First, the UAS bias in estimating stationary total length was calculated. Then, the UAS bias in estimating total length using the blowhole to dorsal fin insertion as proxy for total length was calculated. The latest shows that UAS-photogrammetry is precise and accurate enough to estimate the total length, based on a proxy, of free-ranging dolphins.
The aims of the second phase of this project are to (Figure 1, phase 2):
Test the sensitivity of UAS-photogrammetry in converting length estimates (meters) to the age of an individual.
To establish the age-composition of a group of dolphins, and ultimately assess the age-structure of its population, there is a need to test whether UAS-derived total length estimates based on a proxy allow for the accurate age-classification of an individual. In other words, what is the probability of correctly aging an individual based on its length?
To answer this question, we are collaborating with the Sarasota Dolphin Research Program who has been collecting hands-on measurement of free-ranging bottlenose dolphins in Sarasota for the past four decades. This datasets contains three important information for 90+% of the Sarasota population: the total length, the blowhole-dorsal length and the age of each individual.
First, biased total lengths will be estimated for the Sarasota dolphins by applying the UAS-bias estimate that was calculated previously on the physical total length measurements. As individuals of a same age can vary in length, the population will be divided into different age-class bins (e.g., individuals of age 0 to 2 belong to the same age-class). Different age-class bin scenarios will be defined, and each dolphin will be classified into a specific age-class bin based on the length estimates of those age-class bins. The same exercise will be performed for the true lengths physically measured. Comparing the two results will allow for the testing of the sensitivity of the UAS-bias in correctly aging all individuals sampled within a population (figure 2). The precision of UAS-photogrammetry in aging free-ranging dolphins will give us confidence when it comes to assess the age structure of the spinner dolphin population of Kona, Hawaii (See phase 3 and 4 of the project).Link
Figure 2: Schematic representation of the age structuration of bottlenose dolphins (Tursiops truncatus) using Unnocupied Aerial System (UAS) -photogrammetry and fourty years of hands-on morphometric datasets.
*Additional measurements collected at Dolphin Quest Oahu, Hawaii, during phase 1 of the project:
In addition to the total length and blowhole-dorsal lengths, the following measurements were collected for all animals: the girth (at specific body positions to allow for body volume estimates), the distance between these girth axes, the weight, and a 3-D model (one dolphin only).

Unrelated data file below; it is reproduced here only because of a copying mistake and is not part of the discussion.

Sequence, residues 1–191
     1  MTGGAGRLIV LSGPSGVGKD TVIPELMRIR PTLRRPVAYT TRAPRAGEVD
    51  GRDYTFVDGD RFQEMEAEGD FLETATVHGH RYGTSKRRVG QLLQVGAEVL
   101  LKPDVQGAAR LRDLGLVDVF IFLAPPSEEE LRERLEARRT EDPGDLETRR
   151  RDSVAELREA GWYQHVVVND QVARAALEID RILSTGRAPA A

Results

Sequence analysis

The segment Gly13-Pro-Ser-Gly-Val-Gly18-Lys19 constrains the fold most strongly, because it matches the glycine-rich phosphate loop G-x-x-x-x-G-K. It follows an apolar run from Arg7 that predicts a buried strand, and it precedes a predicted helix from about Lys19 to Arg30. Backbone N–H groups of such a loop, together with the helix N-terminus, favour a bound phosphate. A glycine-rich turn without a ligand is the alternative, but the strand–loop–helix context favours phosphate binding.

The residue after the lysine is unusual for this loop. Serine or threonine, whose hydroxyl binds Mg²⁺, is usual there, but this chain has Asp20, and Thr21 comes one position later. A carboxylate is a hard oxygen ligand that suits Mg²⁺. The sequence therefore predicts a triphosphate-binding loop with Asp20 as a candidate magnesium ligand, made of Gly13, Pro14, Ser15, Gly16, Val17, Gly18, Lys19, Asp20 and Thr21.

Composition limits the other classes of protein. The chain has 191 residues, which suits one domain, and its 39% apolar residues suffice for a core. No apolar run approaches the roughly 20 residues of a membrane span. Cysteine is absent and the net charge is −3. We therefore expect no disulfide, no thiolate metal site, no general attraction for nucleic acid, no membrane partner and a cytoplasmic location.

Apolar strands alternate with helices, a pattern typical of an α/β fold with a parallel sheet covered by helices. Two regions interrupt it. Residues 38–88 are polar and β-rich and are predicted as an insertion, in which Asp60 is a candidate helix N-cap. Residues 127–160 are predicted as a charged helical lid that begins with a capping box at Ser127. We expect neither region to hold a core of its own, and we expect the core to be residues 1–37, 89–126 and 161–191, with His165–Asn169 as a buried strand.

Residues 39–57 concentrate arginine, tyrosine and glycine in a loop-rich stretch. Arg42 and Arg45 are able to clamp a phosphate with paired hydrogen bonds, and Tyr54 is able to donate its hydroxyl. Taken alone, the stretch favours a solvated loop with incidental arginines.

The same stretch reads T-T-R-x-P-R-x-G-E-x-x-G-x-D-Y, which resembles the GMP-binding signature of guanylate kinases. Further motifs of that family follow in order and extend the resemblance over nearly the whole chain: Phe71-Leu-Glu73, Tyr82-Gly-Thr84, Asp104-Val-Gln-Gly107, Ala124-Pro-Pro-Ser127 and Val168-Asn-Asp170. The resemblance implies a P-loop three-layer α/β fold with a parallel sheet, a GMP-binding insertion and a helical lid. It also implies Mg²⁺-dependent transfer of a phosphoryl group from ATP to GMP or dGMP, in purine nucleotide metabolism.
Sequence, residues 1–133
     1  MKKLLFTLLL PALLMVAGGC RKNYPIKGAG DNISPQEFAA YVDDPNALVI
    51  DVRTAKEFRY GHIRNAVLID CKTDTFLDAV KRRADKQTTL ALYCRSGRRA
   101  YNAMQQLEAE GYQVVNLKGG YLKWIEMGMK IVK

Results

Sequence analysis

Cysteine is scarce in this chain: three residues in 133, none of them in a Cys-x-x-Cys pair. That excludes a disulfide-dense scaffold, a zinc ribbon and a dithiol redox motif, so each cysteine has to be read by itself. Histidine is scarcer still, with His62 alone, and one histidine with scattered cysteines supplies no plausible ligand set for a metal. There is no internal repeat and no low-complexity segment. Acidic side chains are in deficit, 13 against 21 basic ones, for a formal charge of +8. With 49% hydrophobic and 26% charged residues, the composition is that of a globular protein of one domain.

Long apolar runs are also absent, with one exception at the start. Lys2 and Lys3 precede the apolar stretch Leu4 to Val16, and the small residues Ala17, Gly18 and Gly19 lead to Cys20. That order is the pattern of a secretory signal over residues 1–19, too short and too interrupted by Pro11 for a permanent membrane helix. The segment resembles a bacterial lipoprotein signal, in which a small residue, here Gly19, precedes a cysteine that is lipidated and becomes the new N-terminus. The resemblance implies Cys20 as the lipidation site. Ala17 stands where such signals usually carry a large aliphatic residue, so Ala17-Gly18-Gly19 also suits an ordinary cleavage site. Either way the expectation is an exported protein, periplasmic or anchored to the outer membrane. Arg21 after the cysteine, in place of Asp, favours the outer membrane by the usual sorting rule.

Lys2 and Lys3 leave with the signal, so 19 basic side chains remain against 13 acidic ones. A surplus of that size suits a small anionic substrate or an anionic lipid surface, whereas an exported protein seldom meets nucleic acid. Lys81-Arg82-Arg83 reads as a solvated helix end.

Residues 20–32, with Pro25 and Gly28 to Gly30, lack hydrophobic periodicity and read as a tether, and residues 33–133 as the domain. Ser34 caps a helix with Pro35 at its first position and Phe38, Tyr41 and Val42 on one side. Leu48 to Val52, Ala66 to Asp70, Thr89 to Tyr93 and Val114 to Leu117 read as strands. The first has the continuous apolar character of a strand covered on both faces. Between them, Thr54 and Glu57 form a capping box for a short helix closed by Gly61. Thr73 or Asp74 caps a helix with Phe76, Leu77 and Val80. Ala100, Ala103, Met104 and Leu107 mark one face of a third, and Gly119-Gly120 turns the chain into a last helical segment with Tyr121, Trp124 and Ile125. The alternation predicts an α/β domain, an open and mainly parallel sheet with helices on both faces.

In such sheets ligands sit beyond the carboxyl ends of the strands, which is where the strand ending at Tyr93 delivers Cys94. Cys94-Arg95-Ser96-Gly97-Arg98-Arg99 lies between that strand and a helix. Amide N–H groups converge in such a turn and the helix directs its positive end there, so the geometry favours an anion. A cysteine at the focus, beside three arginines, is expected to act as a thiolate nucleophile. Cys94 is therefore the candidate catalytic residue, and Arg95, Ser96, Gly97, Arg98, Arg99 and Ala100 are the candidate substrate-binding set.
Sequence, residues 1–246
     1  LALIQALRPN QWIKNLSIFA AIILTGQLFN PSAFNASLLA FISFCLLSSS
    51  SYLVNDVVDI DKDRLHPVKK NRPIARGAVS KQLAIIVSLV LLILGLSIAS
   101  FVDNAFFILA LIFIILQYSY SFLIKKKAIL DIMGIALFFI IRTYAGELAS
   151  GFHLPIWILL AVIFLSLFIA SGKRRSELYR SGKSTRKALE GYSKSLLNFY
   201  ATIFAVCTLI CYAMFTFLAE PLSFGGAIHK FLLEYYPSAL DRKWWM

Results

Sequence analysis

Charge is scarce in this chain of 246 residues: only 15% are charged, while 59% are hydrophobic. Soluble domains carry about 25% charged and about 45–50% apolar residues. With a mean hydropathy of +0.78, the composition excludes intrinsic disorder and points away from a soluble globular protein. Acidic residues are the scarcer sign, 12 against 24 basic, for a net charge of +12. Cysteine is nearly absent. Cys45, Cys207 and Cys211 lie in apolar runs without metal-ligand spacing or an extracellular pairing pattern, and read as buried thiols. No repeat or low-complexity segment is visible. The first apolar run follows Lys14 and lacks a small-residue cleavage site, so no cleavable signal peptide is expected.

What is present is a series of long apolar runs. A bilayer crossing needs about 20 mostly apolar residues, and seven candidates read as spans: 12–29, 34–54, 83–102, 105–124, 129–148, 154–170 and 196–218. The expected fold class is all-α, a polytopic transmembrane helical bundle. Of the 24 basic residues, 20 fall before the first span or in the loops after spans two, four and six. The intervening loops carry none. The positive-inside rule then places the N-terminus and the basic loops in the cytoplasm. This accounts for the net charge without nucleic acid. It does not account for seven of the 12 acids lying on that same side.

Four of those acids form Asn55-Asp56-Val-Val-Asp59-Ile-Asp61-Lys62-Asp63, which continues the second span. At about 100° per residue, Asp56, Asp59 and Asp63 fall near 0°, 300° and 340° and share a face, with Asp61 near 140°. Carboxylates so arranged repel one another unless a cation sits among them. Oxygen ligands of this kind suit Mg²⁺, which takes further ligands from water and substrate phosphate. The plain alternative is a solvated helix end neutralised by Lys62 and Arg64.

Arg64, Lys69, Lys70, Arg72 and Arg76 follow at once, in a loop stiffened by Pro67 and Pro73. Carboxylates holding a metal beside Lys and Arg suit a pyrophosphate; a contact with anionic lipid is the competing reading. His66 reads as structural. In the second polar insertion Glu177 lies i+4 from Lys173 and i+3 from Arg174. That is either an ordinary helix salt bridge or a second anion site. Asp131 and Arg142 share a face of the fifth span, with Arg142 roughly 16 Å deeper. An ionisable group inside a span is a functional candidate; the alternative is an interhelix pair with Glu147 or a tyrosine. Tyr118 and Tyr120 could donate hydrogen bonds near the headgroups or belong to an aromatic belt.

From the UAS images collected previously, a cylindrical body volume for each animal is estimated using the methodoogy developed by Christiansen et al. 2018. This method relies on the measurement of the animal's body width (figure 3, yellow lines) at every 5% of the total body length (figure 3, pink line).
Figure 3: Aerial image of a bottlenose dolphin (Tursiops truncatus, Dolphin Quest Oahu, Hawaii). Unnocupied Aerial System (UAS) -photogrammetry was used to estimate a cylindrical body volume of the animal based on width measurements (yellow lines) and total length (pink line).
To further understand the link between UAS-derived and hands-on volume estimates, we realized a 3-D model of a live dolphin (Figure 4) using a 3-D scanner; a courtesy of Dr. Joshua Madin. From the 3-D model of the dolphin a 3-D volume will be estimated. Additionally, the model can be partitioned to estimate the volume a specific section (figure 4 bottom row) based on the position of the girth axes used above. Finally, the 3-D volume is expected to be the closest estimate to the true volume of the animal and will therefore allow for the direct comparison with the cylindrical volume estimated with the UAS-photogrammetry and hands-on measurements. With this, we will be able to refine the UAS-photogrammetry used to estimate the volume of the animals.
Figure 4: 3-D model of a live bottlenose dolphin (Tursiops truncatus) housed at Dolphin Quest Oahu, Hawaii.
Lars Bejder - MMRP
Fabien Vivier - MMRP
Cormac Booth - SMRU Consulting
Erin Oleson - NOAA/PIFSC
Amanda Bradford - NOAA/PIFSC
Marie Hill - NOAA/JIMAR
Kristi West - Stranding network/MMRP
Jason Baker - NOAA
Aude Pacini - MMRP
Julie Rocho-Levine - DQ
Randall Wells - Sarasota Dolphin Research Program